Good chemistry is hard to come by, especially in the jazz world. Every successful jazz trio starts off as a blind chemistry experiment: add equal parts piano, bass and drums. Stir gently. Observe. The chances of obtaining conclusive results are typically slim; however, there is nothing typical about Reid Anderson, Dave King and Ethan Iverson, founding members of the decades-long, boundary-pushing cooperative, The Bad Plus.
“The three of us had a natural chemistry from the beginning,” Anderson told The Jerusalem Post ahead of the band’s return to Tel Aviv for a show on May 6 at the Barby Club. “But of course, playing together for 18 years unleashed a lot of music. What developed from that, you can’t get there any other way.”
Anderson (bassist) and King (drummer) have known each other since junior high school. In 1989, Anderson – a then college freshman – met pianist Iverson – who was still in high school at the time – and invited him to jam in his parents’ living room in Minneapolis.
“That basically led to nothing,” the veteran bassist confesses. “Fast forward 10 years… we had all been out reading different groups, writing music, developing as young jazz musicians and we thought ‘What would happen if we got together?’”
All three budding musicians were already fans of each other’s projects at the time and occasionally collaborated with one another, but it was only after deciding to play a few exclusive trio gigs that The Bad Plus was born.
Anderson reflects “We immediately knew that we had something that was unique. We were all on the same page about wanting to create an actual cooperative band. We saw it as an opportunity to commit to the long run and develop our voice along the way. We had visions for the future: a group sound and group music.”
The Bad Plus’s collective identity strayed from the usual jazz trio format, which generally casts the pianist as frontman. Their roles as three equal contributors formed the basis for a wildly successful, homogeneous solution – no leader too acidic, no follower too basic. From the band’s rock inspired Black Sabbath and Nirvana covers to their individual genre-defying compositions flaunting a triad of strong, yet harmonious personalities, the trio hit the ground – or more fittingly, road – running in 2000.
Since the band’s inception, they have racked up an impressive live performance count (approximately 160 shows per year, adding up to over 2500 shows to date), earning themselves the unofficial “road band” title.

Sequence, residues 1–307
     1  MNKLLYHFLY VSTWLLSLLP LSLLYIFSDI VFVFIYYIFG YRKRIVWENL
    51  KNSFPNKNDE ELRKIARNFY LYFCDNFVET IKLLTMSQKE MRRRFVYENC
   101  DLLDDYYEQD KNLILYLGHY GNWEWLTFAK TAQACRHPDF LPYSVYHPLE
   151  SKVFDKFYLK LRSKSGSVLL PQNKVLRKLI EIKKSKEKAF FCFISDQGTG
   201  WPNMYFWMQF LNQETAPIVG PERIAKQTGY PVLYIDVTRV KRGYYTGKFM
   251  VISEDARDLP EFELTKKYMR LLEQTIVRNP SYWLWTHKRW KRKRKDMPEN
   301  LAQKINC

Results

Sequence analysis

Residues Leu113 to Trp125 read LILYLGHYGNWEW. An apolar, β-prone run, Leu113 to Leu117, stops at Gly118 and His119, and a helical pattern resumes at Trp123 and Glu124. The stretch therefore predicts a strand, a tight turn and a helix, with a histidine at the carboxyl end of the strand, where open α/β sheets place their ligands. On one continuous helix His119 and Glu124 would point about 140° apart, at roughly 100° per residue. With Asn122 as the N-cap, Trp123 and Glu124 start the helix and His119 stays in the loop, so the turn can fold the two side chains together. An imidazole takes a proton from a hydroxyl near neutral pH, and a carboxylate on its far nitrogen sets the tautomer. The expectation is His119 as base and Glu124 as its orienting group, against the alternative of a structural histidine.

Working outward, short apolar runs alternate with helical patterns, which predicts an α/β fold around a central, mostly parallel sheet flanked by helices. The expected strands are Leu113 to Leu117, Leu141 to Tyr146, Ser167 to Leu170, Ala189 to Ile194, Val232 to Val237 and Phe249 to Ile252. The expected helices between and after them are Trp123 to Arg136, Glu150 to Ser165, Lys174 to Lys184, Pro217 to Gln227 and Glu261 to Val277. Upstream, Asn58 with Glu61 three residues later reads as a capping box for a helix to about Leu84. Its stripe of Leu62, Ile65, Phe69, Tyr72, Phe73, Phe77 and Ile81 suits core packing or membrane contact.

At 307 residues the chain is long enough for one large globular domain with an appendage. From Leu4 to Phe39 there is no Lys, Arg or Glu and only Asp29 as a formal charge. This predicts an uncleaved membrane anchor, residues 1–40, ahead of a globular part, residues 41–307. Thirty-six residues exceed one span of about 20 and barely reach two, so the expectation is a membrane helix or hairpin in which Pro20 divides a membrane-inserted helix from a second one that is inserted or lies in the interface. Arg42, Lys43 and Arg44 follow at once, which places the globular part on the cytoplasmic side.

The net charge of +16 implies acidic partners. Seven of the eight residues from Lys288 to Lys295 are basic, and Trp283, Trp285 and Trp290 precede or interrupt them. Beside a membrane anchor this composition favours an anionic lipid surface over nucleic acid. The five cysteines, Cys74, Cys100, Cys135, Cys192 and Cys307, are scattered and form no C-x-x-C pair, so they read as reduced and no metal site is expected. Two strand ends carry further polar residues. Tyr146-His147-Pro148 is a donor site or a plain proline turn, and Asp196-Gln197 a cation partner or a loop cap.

Unfortunately, as the adage goes, all good things must come to an end. Anderson and King were thrown this curve ball in the spring of 2017, when Iverson decided to leave the group.
“It was definitely a mutual feeling that things needed to change,” Anderson chooses his words wisely. He admits that they really considered ending the band at that point, but ultimately changed their minds. “We had spent 18 years building this thing and it’s this huge part of our lives, so Dave and I decided there was no reason for that to stop.”
The duo’s hard-headed persistence is reflected in their first studio album without Iverson (their 13th overall). Aptly titled, Never Stop II is a daring collection of coverless compositions introducing long-time friend and pianist Orrin Evans.
“We had discussed getting somebody else before,” Anderson shares. “One way or another, we knew something like this was eventually going to happen. Orrin was the one person that we returned to without fail. He was the obvious choice and fortunately, his response was an immediate yes.”
The Bad Plus have played a handful of shows in Tel Aviv, with appearances at the Red Sea Jazz Festival and the Jerusalem Jazz Festival (organized by Avishai Cohen, who is a good friend of the band). But their May show will be their first here sporting the new trio.
“Music aside, I am most excited to eat amazing food, hang by the beach, and devour hummus from Abu Hassan,” he jokes, clearly coming to do the White City justice.
When asked how he feels his Israeli fans will respond to the new makeup, Anderson responds, “I’m not worried. I am confident that the music that we’ve built and our philosophy behind it is strong enough to carry through and disprove any doubtful people. We’re performing music from the record, but also music from our entire body of work, including older music. So, this is very much a continuation of the old as we ride into the new.”
Since the release of Never Stop II, the boys have spent the year touring in their usual fashion, and the audience response so far has been nothing but positive.
“The best compliments that we’ve gotten over the last year are: ‘It sounds different, but it still sounds like The Bad Plus’ or ‘I was worried, but that was fantastic!’ That’s absolutely what we wanted to achieve because Orrin is a very different player, and, of course, if one third of the band is really different, it’s going to sound different.”
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